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I live in Bedford, England. Having retired from teaching; I am now a research student at the University of Bedfordshire researching into Threshold Concepts in the context of A-level Physics. I love reading! I enjoy in particular fiction (mostly great and classic fiction although I also enjoy whodunnits), biography, history and smart thinking. I have also recently become a keen playgoer to London Fringe Theatre. I enjoy mostly classics and I read the playscripts and add those to the blog. I am a member of Bedford Writers' Circle. See their website here: http://bedford-writers.co.uk/ Follow me on twitter: @daja57

Friday, 5 January 2018

"Mythos" by Stephen Fry

Fry takes us through the earlier Greek myths, including the creation, but not including the labours of Hercules, the siege of Troy and its Oresteian and Odyssean aftermaths, or the story of Theseus etc. Perhaps there was just too much.

But what he has given us is his own retelling of some of the less-well-known stories. The ones that lurk in the corners of the cultural subconscious (or did for those of us with some sort of traditional British education). As such it enlightened many dark pockets of my ignorance. I had heard of Pygmalion, the sculptor who fell in love with the statue he had carved, the classical reference underpinning the GBS play that metamorphosed into My Fair Lady, but I had never read the story. I was dimly aware of the story of Hero and Leander, one of whom drowned swimming the Hellespont, but I knew no details. Again and again Fry fleshed out the bare bones of my knowledge. And told me how these stories had passed into our culture by, for example, citing the poems by Byron or Keats or the passages in Shakespeare that had referred to them.

There was a huge western European culture built around these ideas. Young people today are ignorant of much of it (although the themes are often reprised without their knowledge in computer games, sci-fi serials, and soap operas). It is sad that so much cultural heritage is slipping away although of course it was only available to the public-school educated elite and there is a great deal of wonderful culture that is replacing it. I was ashamed of my ignorance. After all, I am a few months older than him, we had similar educations (although I wasn't expelled) and our times at Cambridge overlapped. But I studied science and that is a huge culture in itself. Life is too short for everything.

The real joy of this book is the way that Fry writes. He retells these stories of Gods and mortals in the most human way possible. For example, Ganymede is such a beautiful youth that both men and women are lovestruck on meeting him. “When they got home they wrote and instantly tore up poems that rhyme ‘thighs’ with ‘eyes’, ‘hips’ with ‘lips’, ‘youth’ with ‘truth’, ‘boy’ with ‘joy’ and ‘desire’ with ‘fire’.” (p 306) It is the "instantly tore up" that makes the imagery so quotidian, so mundane, and so real you can touch it, poke it, prod it and squish it. These are humans. “A compound of village gossip, nosy neighbour and over-solicitous best friend, Echo found it impossible to hold her tongue.” (p 333) I know Echo. She lives down the street.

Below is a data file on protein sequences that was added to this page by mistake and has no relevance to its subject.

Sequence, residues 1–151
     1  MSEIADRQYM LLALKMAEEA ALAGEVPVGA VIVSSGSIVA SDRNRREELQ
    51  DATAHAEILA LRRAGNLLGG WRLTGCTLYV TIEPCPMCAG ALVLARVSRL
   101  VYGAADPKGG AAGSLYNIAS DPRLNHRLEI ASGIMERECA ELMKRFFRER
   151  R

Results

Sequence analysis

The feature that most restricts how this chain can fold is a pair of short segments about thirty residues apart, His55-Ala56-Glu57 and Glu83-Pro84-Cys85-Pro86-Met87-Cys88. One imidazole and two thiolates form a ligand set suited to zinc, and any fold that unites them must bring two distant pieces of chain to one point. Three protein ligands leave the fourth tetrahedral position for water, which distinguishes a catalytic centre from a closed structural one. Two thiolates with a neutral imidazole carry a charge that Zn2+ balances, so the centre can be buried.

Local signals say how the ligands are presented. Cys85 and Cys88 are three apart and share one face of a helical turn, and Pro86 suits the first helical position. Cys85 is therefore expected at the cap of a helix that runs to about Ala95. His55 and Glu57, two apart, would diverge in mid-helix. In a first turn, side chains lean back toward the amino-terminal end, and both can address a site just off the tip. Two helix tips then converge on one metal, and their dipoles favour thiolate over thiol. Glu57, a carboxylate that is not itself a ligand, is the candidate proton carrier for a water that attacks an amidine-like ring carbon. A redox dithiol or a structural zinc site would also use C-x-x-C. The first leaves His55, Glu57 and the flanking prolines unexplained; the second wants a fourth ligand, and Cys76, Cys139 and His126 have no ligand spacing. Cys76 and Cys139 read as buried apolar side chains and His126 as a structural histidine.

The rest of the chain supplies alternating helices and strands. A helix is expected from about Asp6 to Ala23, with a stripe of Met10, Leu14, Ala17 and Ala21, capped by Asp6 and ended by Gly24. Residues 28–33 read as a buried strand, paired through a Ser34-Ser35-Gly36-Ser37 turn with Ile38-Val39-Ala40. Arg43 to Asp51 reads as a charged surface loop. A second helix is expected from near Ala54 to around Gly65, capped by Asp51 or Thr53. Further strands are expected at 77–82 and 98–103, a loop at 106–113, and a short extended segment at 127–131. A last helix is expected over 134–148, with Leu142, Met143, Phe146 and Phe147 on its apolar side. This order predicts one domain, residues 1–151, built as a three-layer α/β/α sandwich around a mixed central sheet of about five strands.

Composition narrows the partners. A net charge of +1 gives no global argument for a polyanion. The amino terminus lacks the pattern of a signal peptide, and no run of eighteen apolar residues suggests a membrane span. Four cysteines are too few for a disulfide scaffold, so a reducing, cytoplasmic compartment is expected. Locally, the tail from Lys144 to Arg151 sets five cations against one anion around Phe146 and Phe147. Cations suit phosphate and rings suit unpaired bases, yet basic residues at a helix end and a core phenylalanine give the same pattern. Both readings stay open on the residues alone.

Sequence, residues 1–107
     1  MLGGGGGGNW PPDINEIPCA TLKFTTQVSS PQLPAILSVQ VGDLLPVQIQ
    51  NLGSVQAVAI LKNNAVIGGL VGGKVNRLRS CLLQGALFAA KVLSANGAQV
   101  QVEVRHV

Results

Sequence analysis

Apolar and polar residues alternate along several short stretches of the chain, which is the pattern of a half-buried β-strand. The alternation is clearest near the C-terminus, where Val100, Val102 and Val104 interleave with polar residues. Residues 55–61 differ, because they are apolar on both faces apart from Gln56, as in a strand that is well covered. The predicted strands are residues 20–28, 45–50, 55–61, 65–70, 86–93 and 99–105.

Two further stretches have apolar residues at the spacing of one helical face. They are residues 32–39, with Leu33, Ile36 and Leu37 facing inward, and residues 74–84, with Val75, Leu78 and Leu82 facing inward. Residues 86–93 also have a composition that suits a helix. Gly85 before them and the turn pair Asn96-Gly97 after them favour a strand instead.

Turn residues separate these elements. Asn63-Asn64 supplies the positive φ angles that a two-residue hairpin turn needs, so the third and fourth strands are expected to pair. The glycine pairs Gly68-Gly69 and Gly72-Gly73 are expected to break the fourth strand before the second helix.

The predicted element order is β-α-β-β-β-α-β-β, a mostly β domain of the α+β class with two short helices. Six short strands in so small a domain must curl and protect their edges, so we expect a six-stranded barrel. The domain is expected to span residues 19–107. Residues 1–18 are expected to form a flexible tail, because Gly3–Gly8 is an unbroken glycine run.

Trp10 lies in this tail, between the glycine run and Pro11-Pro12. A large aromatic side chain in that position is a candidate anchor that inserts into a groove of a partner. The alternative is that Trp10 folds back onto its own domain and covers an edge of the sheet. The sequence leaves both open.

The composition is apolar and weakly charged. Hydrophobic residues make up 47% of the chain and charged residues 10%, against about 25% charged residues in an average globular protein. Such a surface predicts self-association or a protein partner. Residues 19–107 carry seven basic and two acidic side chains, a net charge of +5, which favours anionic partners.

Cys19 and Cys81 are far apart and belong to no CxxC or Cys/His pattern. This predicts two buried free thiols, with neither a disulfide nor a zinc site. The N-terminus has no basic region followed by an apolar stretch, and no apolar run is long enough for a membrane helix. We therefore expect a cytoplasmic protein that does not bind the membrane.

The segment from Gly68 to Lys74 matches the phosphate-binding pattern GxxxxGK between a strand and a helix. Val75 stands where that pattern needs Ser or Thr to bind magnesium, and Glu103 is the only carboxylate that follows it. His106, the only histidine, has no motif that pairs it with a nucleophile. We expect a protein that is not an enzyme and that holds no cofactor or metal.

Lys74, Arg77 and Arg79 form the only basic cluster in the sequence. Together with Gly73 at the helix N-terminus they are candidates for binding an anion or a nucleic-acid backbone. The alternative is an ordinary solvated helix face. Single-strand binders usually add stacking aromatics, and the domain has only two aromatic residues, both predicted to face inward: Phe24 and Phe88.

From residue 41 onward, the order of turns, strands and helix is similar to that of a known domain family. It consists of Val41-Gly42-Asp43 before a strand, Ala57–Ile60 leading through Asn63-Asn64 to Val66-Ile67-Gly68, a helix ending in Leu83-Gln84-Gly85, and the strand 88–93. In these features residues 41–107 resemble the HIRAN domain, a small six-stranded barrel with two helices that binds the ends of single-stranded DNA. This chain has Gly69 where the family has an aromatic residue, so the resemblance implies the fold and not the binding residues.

And then there is the erudition. Legend, we are told,  “derives from the gerundive of the Latin legere, meaning ‘to be read’. Interestingly, the absolute origin of the verb legere and its supine form lectum bears the meaning of ‘gather’ - as in ‘college’ and ‘collect’.” (p 403 & fn) This single example will have to suffice for the learning that is displayed on every single page of this brilliant book.

Other moments I loved:
Think of Chaos perhaps as a kind of grand cosmic yawn. As in a yawning chasm or a yawning void.” (p 3)
In time you will abandon your trousers - not yet, I hope - and they will rot down in a landfill or be burned.” (p 4)
It was a sickle. An enormous scythe whose great curved blade had been forged from adamantine, which means ‘ untameable’. (p 16)
Our word ‘hearth’ shares its ancestry with ‘heart’, just as in the modern Greek for ‘hearth’ is kardia, which also means ‘heart’.” (p 59)
If that makes her seem a spoilsport, well, sometimes sport needs to be spoiled and the children called in from the playground.” (p 67)
The blameless majority, whose lives were neither especially virtuous not especially vicious ... were guaranteed a pleasant enough afterlife: before they arrived they drink of the waters of forgetfulness from the River Lethe so that a blithe and bland eternity could be passed, untroubled by upsetting memories of earthly life.” (p 144)
In this story, as in so many others, what we really discern is the deceptive, ambiguous and giddy riddle of violence, passion, poetry and symbolism that lies at the heart of Greek myth and refuses to be solved.” (p 227)
Perhaps narcissism is best defined as a need to look on other people as mirrored surfaces who satisfy us only when they reflect back a loving or admiring image of ourselves.” (p 344)
Gods of this kind are created in our image, not the other way round.” (p 403)

There is only one thing missing from this book. All the other stories! Please, Mr Fry, let us have the stories of the heroes, Theseus and Hercules and Achilles and Ulysses and Oedipus and Orestes and Antigone and Medea and Jason and ...

And then perhaps you can move to the Viking gods who are just as much fun.

January 2018; 410 pages


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